In Afghanistan, it’s going to be more of the same

Published in the Fort Collins Coloradoan on September 15,, 2017

Tell me if you’ve heard this one before: a newly elected president, after campaigning to remove the U.S. from a military quagmire in a far-off Asia land, quickly reverses his promises and instead escalates our military commitment?

If your answer is no, I’m talking Nixon, Obama and Trump. The only differences seem to be party affiliation, skin complexion and hair color. Sadly, what’s common is the inability to learn from history.

There was at least one thing President Trump said Aug. 21 during his “new strategy” speech that I agree with: I am one of “the American people” who are frustrated by nearly 17 years of war in Afghanistan. The U.S. military intervention has cost us 2,300 dead service members and an additional 17,600 wounded, 31,000 Afghan lives and $780 billion. Operations in Afghanistan cost us $4 million per hour, and that doesn’t include any new troops or equipment. The U.S. has invested $70 billion in rebuilding the Afghanistan military, but Afghanistan's government forces control less than 60 percent of the nation’s territory. U.S. intervention has resulted in large-scale corruption, with Afghanistan third from the bottom in international rankings. $8.5 billion has been spent to battle narcotics, and opium production there is at an all-time high.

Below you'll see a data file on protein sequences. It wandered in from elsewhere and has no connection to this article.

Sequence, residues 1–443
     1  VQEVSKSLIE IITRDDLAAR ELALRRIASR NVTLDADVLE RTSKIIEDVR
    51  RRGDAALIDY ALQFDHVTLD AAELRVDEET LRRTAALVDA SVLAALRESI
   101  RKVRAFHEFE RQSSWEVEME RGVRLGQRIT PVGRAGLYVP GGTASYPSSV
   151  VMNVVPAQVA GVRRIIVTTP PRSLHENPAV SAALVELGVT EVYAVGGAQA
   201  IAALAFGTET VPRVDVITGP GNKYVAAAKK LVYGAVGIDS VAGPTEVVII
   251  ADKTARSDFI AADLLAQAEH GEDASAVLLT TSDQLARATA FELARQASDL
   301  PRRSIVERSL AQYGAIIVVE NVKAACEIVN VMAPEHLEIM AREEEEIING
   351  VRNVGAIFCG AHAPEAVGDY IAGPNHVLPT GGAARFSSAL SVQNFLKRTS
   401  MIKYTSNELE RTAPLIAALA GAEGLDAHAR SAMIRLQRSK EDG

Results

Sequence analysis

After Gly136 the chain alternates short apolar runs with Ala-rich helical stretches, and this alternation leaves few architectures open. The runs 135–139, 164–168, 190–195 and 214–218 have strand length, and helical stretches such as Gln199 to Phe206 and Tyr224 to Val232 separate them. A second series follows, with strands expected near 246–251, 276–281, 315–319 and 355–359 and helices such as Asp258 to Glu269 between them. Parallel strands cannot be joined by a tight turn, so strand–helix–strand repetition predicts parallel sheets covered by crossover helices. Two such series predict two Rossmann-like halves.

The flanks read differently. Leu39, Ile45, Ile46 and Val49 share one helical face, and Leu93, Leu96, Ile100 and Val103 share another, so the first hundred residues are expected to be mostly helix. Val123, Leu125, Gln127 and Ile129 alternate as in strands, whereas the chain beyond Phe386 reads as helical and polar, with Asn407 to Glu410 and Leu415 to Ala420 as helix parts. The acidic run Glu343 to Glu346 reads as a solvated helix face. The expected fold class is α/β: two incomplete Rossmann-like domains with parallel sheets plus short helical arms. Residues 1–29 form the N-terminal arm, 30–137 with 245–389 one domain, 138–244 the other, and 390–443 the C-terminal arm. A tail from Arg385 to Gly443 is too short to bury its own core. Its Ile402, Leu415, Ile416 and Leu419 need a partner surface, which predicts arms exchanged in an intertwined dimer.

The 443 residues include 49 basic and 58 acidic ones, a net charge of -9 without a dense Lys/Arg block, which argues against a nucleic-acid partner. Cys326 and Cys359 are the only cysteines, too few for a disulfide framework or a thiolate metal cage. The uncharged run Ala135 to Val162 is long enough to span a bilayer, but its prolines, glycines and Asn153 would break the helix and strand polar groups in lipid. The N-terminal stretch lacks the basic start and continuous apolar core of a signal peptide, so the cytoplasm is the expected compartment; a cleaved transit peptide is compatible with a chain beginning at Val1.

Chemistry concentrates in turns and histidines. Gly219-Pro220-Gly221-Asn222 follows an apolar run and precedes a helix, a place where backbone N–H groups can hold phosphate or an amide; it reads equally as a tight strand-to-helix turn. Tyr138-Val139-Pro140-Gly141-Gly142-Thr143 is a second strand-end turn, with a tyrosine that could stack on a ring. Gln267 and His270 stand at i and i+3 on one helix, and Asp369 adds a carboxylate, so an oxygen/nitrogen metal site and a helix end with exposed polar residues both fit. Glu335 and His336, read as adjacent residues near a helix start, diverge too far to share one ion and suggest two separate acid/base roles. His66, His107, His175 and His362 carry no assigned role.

Frustration” is an understatement for what most of us are feeling. But our president is now determined to spend even more dollars and lives in what some military experts say may be an unending war. Currently there are 8,400 U.S. military personnel in harm’s way in Afghanistan. The Obama administration, with 30,000 troops, could not bring the Taliban to its knees or the negotiation table. How can Trump and his generals expect to do any better?

Tell the president (https://www.whitehouse.gov/contact) and your members of Congress (https://www.congress.gov) that it is far past the time to start bringing our troops home. Tell them to invest some of those wasted dollars instead on serious diplomacy and development efforts. Let us build up those institutions and reduce corruption so that all Afghans will have something worth fighting for.

Steve Ramer, pastor, Fort Collins Mennonite Fellowship and member of Strength Through Peace